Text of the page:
Dr. Elizabeth Primas has faced many difficult and diverse challenges head on.
It’s that direct approach that has helped her to excel as the Director of Literacy and Acceleration at the Friendship Public Charter Schools; her record of excellence is bolstered by a history of achievement in teaching and leadership within D.C. Public Schools, area colleges and universities and national education organizations.
Whether teaching students or coaching peers, she’s always found the right touch.
Now, Dr. Primas is set to take on a new challenge.
The National Newspaper Publishers Association (NNPA), a trade group that represents 211 Black-owned media companies, has selected Primas to be the project manager for the new ESSA/NNPA Bill and Melinda Gates Foundation grant designed for work focused on increasing public awareness about the unique opportunities and challenges of the recently enacted Every Student Succeeds Act (ESSA). The multi-media educational campaign is supported by a three-year, $1.5 million investment from the Gates Foundation.
“Being named project manager is a great honor. I am looking forward to continuing my interest and commitment to assisting in providing quality educational opportunities to ‘my children,’” said Primas. “‘My children’ are all of the children in schools that have been underserved, undereducated, and for all intent and purposes, forgotten about.”
A native Washingtonian, Primas’ list of teaching credentials spans more than two decades and includes stints at the University of the District of Columbia and George Washington University.
She founded two literacy and computer camps for children in Prince George’s County Public Housing and was the DCPS Director of Literacy: Reading and English Language Arts.
Primas said that the ESSA grant award is especially important, because the NNPA remains as relevant today as it was decades ago, long before the newspaper industry changed.
“Media has suffered recently, but the NNPA is made up of community papers — community papers that are still very relevant to the audience they serve,” said Primas. “The Gates Foundation recognized that the African-American newspapers were strategically located and are uniquely qualified to educate the very stakeholders that ESSA is aimed at helping.”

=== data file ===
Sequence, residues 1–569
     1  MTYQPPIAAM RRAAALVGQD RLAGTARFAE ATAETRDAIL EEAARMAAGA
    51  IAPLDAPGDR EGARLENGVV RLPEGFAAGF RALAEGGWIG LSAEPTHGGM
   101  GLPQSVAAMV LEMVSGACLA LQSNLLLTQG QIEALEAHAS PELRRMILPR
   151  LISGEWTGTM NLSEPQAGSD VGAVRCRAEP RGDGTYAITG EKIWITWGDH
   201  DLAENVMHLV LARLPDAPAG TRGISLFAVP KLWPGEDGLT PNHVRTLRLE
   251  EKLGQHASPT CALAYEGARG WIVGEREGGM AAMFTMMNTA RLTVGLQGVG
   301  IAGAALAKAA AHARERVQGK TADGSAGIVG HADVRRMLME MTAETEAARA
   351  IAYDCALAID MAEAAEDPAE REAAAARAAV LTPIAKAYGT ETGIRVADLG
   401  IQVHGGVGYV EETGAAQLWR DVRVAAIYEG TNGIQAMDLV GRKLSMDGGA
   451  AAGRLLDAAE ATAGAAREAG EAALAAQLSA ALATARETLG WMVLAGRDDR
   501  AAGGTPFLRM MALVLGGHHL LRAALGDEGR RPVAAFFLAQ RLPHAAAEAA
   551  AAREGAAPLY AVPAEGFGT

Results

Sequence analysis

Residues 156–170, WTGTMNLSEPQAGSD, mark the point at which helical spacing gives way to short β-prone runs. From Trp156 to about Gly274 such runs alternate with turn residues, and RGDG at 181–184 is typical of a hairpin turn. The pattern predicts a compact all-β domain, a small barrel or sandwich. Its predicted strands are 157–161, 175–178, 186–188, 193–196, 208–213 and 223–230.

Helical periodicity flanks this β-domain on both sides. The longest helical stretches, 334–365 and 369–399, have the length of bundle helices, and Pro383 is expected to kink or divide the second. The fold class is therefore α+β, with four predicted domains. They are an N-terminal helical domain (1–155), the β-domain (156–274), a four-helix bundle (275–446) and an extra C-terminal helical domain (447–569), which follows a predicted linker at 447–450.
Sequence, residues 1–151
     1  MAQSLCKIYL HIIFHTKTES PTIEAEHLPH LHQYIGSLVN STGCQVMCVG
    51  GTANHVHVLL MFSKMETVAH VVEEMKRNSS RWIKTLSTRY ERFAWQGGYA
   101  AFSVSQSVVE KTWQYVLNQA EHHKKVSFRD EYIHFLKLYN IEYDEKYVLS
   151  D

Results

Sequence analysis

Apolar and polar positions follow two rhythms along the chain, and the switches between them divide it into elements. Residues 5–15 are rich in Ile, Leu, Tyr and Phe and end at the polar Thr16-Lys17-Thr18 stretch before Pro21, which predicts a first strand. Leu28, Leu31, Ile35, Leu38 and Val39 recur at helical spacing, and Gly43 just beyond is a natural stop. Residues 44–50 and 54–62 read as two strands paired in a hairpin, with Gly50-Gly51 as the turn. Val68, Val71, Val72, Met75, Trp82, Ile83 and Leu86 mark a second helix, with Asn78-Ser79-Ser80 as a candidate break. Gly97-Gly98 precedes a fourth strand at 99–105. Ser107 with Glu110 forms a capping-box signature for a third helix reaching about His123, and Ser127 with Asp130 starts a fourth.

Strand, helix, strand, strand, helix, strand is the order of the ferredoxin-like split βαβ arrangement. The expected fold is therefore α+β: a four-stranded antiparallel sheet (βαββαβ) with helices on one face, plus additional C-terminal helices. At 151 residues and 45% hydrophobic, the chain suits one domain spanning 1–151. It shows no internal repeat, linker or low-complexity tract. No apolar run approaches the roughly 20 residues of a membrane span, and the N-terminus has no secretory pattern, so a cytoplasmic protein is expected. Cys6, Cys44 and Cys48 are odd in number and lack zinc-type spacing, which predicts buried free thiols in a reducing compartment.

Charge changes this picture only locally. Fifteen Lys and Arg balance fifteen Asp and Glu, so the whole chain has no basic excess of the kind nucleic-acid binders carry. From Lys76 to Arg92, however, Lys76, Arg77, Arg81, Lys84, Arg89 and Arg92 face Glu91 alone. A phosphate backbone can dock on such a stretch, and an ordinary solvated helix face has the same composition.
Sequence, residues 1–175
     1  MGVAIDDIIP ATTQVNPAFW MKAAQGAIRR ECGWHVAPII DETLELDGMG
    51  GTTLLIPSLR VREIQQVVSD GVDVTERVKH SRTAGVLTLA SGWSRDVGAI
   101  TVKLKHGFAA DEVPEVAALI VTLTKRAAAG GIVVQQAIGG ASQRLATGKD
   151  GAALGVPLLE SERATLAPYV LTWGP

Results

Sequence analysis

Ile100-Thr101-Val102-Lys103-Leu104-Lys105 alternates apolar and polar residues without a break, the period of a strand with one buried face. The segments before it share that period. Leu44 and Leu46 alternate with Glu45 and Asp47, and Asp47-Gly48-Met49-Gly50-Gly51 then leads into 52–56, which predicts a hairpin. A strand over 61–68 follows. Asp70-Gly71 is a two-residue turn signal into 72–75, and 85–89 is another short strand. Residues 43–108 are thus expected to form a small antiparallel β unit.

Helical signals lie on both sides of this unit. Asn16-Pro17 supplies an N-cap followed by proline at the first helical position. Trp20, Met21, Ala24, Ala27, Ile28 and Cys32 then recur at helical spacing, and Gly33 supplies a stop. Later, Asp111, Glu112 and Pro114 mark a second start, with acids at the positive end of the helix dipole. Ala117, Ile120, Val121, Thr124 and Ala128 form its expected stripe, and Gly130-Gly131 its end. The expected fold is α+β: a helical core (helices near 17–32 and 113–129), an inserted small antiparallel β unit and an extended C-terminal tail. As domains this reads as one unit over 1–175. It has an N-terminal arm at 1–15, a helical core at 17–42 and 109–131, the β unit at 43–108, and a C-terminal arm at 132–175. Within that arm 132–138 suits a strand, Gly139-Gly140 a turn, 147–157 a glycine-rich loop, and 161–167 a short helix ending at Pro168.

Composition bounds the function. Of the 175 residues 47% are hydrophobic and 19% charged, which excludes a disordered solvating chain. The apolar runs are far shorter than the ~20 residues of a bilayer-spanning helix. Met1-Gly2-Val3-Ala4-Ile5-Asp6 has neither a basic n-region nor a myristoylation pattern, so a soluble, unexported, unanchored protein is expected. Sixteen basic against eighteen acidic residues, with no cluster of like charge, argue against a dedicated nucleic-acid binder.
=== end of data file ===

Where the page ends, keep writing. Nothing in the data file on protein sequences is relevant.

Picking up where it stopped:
And, that’s where Primas’ vast experience is expected to shine.
Over the years, Primas has received a plethora of honors for outstanding teaching, including Masonic Scottish Rites Elementary Educator Excellence Award; the Agnes Meyer Outstanding Teacher Award; and the District of Columbia’s Teach of the Year.
A graduate of the D.C. Teacher’s College who holds a master’s degree from Trinity College and a doctorate from George Washington University, Primas has worked with several organizations such as the National Council of Teachers in English and the International Reading Association’s Urban Diversity Commission and coordinated major conferences on contemporary topics in literary and reading.
She’s also a well-known consultant for city schools, textbook companies and the international professional development of teachers.
Primas said that there are several deliverables that have already been identified in the proposal for the ESSA grant that includes providing training seminars, holding or participating in town hall meetings, producing and distributing articles and establishing a website or electronic landing page that will allow the public to access current information relating to the progress of the implementation of the ESSA grant.
“I will also be looking for accountability from all NNPA participants,” Primas said. “That means to me, collecting and archiving articles that demonstrate the efforts nationally. I will be working with the NNPA to assist all members of NNPA in organizing a gathering of the information that needs to be disseminated to the communities. My goal is simply for the NNPA to become a resource for its members, which will allow the individual publications to better serve their communities.”
Primas said the ESSA is primarily focused on closing the achievement gap for minorities.
While each law before it focused on improving education, ESSA allows for the state and local school districts to determine what’s needed for all their students to be successful.
“We’re no longer thinking one size fits all,” she said. “The assessment and accountability can now be locally created. ESSA ends the federal mandate on teacher evaluations and local districts set their own guidelines for teacher accountability.”
Primas continued: “I think it’s also important to note that we must keep our eyes and ears open as there are already talks of trying to dismantle parts of ESSA that specifically speak to civil rights and equality. NNPA must help communicate the opportunities and challenges that affect our community.”